A nearly deserted town an hour north of Fredericksburg in Mason County, Pontotoc was on the brink of becoming a boom town before a series of misfortunes.
Settled in 1859, there was an established town in 1878; San Fernando Academy opened in 1882, with a peak of 200 students. This drew people to the area.
By 1886 the community had four stores, and by 1890 it had two doctors and more than twenty businesses, including general stores, a market, a gin and mill, several saddle and harness shops, a blacksmith shop, and a hotel. The main products of the community included cotton, wool, cattle hides, and pecans.
Then tragedy struck.
Almost the entire town was wiped out in 1887 by typhoid fever. The town cemetery became so full that it had to be closed in 1888, and a new one was established. In 1890, the academy closed, and as the population dwindled, it became a public school, which shut in 1927.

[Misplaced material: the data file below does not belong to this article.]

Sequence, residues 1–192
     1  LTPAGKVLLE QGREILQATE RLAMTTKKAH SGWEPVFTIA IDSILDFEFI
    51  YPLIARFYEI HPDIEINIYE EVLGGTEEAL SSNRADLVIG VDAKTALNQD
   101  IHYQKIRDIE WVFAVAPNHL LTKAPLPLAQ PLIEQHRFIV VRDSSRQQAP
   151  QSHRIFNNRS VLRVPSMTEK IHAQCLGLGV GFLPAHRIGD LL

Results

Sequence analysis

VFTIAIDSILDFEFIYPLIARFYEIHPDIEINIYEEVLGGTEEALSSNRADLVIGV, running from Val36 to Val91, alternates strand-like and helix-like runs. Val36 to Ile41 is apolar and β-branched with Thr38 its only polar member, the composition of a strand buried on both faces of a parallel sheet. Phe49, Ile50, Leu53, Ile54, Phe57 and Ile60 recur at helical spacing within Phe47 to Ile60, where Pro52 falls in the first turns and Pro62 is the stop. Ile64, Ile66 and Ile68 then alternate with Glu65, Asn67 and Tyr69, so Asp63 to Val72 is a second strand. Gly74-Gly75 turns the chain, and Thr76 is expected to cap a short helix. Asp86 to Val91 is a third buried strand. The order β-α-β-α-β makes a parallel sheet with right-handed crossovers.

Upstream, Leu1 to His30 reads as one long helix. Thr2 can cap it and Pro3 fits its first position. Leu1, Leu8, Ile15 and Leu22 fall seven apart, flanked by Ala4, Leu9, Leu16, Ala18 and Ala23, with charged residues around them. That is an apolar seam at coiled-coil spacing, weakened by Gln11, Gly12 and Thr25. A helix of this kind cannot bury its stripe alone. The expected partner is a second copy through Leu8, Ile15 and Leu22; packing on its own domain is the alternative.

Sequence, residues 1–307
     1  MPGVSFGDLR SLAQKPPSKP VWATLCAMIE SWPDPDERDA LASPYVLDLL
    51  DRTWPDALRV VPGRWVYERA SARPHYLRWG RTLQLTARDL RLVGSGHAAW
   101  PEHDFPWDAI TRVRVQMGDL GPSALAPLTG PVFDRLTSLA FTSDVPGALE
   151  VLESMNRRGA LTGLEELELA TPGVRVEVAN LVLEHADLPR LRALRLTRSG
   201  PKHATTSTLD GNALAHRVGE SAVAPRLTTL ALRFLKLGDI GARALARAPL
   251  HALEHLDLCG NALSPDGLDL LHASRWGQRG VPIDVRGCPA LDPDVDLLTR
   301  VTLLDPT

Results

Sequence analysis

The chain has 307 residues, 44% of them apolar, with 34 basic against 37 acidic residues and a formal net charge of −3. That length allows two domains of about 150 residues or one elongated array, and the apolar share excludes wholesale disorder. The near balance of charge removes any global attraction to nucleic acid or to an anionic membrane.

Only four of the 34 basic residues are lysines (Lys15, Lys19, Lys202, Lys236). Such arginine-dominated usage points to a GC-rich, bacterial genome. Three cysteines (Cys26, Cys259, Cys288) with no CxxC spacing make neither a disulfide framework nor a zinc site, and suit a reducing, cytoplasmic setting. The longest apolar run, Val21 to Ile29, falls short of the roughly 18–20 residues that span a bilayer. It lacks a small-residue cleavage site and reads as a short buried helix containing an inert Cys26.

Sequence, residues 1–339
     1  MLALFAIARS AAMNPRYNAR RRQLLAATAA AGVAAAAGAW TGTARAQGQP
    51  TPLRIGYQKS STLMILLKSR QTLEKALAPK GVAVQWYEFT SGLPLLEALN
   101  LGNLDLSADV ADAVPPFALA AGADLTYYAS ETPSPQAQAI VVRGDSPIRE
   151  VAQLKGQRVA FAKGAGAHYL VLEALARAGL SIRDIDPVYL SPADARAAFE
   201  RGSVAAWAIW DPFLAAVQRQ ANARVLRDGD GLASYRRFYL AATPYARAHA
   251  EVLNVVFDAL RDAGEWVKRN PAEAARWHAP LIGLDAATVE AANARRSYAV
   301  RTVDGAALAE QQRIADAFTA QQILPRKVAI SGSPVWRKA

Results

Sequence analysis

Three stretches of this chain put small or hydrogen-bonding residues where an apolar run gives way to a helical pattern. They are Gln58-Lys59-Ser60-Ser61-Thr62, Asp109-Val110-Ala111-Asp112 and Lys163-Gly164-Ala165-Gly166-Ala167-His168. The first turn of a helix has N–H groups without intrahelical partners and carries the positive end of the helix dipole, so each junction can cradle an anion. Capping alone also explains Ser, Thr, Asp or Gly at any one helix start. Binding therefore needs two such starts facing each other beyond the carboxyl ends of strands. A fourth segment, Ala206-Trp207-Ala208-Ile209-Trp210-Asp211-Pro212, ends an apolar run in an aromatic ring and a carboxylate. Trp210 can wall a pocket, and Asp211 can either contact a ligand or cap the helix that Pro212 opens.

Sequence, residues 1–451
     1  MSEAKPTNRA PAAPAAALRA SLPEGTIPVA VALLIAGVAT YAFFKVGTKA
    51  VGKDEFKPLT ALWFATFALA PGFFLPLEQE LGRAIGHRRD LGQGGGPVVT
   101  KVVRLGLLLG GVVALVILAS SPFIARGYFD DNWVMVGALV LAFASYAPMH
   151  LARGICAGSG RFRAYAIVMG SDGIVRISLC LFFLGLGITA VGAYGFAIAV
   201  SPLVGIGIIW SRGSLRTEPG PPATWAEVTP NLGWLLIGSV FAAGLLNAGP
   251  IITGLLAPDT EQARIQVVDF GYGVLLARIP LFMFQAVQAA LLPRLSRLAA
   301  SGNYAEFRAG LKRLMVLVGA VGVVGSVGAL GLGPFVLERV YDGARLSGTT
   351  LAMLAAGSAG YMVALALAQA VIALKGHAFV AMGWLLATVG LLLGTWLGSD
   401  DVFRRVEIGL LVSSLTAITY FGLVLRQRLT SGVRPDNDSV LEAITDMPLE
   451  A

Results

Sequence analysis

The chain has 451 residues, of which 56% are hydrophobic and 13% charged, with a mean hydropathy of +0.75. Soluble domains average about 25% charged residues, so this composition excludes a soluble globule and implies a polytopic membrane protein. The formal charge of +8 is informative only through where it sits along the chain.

The city was dealt another blow when two proposed plans for railroads to go through town fell through. Finally, a fire that began in the theater gutted most of the buildings in 1947.
Pontotoc, which means “land of hanging grapes”, is coming back to live up to its name with a vineyard and winery. The Pontotoc Vineyard. A happy ending — or new beginning — for a bit of Texas history.